This study explored the hypothesis that acculturation is a risk factor for childhood lead poisoning in the Detroit area of Michigan. Blood lead levels (BLLs) were determined in 429 Arab American and African American children, aged 6 months to 15 years, who were receiving well-child examination in three Women, Infant, and Children (WIC) clinics in the city. Mean BLL was 3.8 ± 2.3 μg/dL (range: 1-18 μg/dL) and 3.3% of the children tested had blood lead values above the 10 μg/dL level of concern. Neither the age of the dwelling units nor ethnicity of the child was significantly associated with the BLL. Multivariable analyses instead identified a number of acculturation-related factors that are associated with elevation in blood lead including paternal education, language spoken at home (English only, English and Arabic, or Arabic only), home ownership, smoking in the home, and exposure of child to home health remedies. The difference in blood lead between Arab American children from families where Arabic only versus Arabic and English is spoken at home was found to be statistically significant. This study provides information showing that immigrant children are at heightened risk of being poisoned by lead which can be useful in identifying groups at risk of atypical exposures.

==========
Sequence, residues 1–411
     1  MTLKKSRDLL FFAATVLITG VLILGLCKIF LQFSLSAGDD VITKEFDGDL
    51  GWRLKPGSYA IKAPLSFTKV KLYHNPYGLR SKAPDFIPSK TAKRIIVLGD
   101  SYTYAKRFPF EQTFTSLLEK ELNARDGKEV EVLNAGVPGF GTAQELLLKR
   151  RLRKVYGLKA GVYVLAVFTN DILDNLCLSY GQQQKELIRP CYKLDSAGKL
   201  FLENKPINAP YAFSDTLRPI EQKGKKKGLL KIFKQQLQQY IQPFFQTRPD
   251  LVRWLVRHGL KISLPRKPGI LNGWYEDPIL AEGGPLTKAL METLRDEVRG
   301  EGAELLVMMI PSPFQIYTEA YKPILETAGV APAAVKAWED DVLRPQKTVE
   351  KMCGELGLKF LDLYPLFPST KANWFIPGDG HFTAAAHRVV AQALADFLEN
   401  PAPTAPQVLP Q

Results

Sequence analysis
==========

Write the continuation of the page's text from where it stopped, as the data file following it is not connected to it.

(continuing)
13. Chronic arsenic poisoning: a global health issue -- a report of multiple primary cancers.

    Science.gov (United States)

    Walvekar, R R; Kane, S V; Nadkarni, M S; Bagwan, I N; Chaukar, D A; D'Cruz, A K

    2007-02-01

    Chronic arsenic (As) poisoning is a worldwide public health problem. Effects of prolonged exposure to high levels of As in drinking water have been observed and documented in various epidemiological studies from all over the world. The non-malignant cutaneous effects of chronic exposure to inorganic As are well known. A case presenting with multiple cutaneous cancers as well as an internal lung primary in a patient exposed to toxic levels of As in the drinking water is discussed along with a review of literature.